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SA opens up to NT and Qld, eases gathering restrictions

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South Australia has reopened its border to most of the Northern Territory and Queensland, while a series of gathering restrictions will also be eased despite concerns about the growing threat posed by coronavirus outbreaks in New South Wales and Victoria.

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Police Commissioner and state emergency coordinator Grant Stevens told reporters after this morning’s transition committee meeting that effective immediately, many travellers from the Northern Territory will be allowed to travel into South Australia without having to quarantine or get tested.

Those travelling from Katherine are still required to quarantine and get tested for now, but Stevens said authorities expect to receive health advice later today that “may see Katherine being included in that total lift”.

The transition committee also agreed to ease border restrictions for Queensland, after that state this morning reported just one new locally-acquired infection – a historical case detected in home quarantine.

Travellers from the 11 local government areas that make up southeast Queensland, including Brisbane, will no longer have to quarantine after they arrive in South Australia, but they will need to get tested on days one, five and 13 and isolate until they receive their first negative result.

Those arriving from northern and regional Queensland will not be subjected to any restrictions.

Meanwhile, a series of internal restrictions will also be eased.

Effective at one minute past midnight tonight, the home gathering cap will be lifted from 10 to 20.

Private gatherings which are not held at homes or licensed premises will stay capped at 50, but people will be able to drink alcohol while standing, provided they comply with a density requirement of one person per two-square-metres.

Up to 150 people will be allowed to attend private functions held in licensed venues.

They will also be allowed to eat and drink while standing, provided they comply with a density requirement of one person per two-square-metres.

“This is something that we think the industry will be happy to receive, but it will be a decision they have to make in terms of whether you have seated consumption and three people per four-square-metres, or stand-up consumption at one person per two-square-metres,” Stevens said.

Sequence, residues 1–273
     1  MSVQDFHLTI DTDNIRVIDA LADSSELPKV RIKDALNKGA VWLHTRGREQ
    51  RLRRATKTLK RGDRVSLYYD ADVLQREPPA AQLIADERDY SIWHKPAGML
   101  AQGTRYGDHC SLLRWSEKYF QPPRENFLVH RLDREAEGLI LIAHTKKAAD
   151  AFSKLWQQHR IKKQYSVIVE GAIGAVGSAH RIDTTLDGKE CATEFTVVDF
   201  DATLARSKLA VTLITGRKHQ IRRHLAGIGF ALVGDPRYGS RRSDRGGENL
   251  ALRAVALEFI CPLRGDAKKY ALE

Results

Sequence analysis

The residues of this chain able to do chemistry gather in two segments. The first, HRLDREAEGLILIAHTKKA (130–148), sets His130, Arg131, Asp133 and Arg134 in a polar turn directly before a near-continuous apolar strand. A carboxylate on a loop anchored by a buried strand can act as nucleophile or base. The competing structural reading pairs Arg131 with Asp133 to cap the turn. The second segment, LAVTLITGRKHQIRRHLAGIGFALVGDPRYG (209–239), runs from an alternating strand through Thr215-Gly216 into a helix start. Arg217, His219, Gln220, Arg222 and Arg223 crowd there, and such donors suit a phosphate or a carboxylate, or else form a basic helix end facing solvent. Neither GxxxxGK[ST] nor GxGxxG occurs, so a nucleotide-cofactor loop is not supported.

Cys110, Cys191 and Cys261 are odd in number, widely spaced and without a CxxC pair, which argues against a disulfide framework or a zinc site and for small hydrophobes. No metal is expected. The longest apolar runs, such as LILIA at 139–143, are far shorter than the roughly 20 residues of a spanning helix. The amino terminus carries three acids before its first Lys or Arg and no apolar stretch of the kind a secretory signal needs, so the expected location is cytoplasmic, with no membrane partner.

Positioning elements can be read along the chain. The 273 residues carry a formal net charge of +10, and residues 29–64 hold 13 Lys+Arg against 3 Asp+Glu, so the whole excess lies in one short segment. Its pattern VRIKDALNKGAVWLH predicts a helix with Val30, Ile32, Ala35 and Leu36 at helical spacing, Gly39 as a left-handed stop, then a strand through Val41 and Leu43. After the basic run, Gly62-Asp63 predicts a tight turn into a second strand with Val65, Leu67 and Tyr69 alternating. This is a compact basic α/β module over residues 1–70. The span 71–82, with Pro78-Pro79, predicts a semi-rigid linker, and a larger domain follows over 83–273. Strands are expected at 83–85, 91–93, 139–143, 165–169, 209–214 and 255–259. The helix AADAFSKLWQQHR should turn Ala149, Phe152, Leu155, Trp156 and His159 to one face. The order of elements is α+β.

“That only applies to private functions in separate rooms.”

Patrons at licensed venues who are not attending private functions will not be allowed to stand up while drinking.

We’re confident that we can make these changes now, but we just remind people that every day is a different day in COVID-19

Density restrictions on weddings and funerals will depend on whether they are held at licensed venues.

“Where you have those ceremonial activities will dictate whether or not you can have the density requirement of a licensed premises or whether you have a private gathering density requirement of 50 people,” Stevens said.

“Dancing is not one of those changes that has been agreed to at this point in time, but we have approved vertical consumption (of food and drinks).”

Stevens said the transition committee discussed mask-wearing requirements, but “at this point, we are maintaining the requirement for people to wear masks in indoor public places”.

“We are encouraging people to wear a mask if they don’t think that they can physically distance from others, particularly strangers,” he said.

New South Wales today reported 642 new cases and four deaths, as Premier Gladys Berejiklian announced Sydney’s lockdown would be extended until September 30. 

Curfews from 9pm to 5am will be imposed in western Sydney’s 12 local government areas of concern from Monday.

People in these areas will also be limited to one hour of exercise, and NSW Police will be given the power to lock down entire apartment blocks due to COVID-19 cases.

Masks will also be mandated at all times – indoors and outdoors – across NSW from Monday.

Meantime, Victoria’s outbreak grew by 55 new cases, with 30 people infectious in the community.

Stevens said that the situation in the eastern states was “very concerning” and South Australia was “more likely than not to face seeding from those jurisdictions”.

But he said the transition committee needed to “take every opportunity to free up activity within the state”.

“We need to be prepared for that and take every opportunity to get on with our activities as much as we can knowing there’s a possibility that we might face further restrictions in the future,” he said.

“At this point in time, with the advice that we’ve received from SA Health, the level of wastewater testing that’s happening, we’re confident that we can make these changes now, but we just remind people that every day is a different day in COVID-19.”

It comes as Premier Steven Marshall holds talks with the AFL to discuss hosting next month’s grand final at Adelaide Oval.

Stevens said he was not privy to those discussions, but he was “hopeful that it happens in South Australia”.

“We made a commitment to SA Health that we will provide the level of security required to safely manage those events from a COVID point of view and obviously with a crowd management point of view if we are considered for finals games here in Adelaide,” he said.

“This is not a normal game of football that’s being contemplated – not only in the context of the game itself but in terms of how it’s going to be allowed to occur – and every event that is proposed to be run in South Australia is subject to the same level of consideration.”

– with AAP

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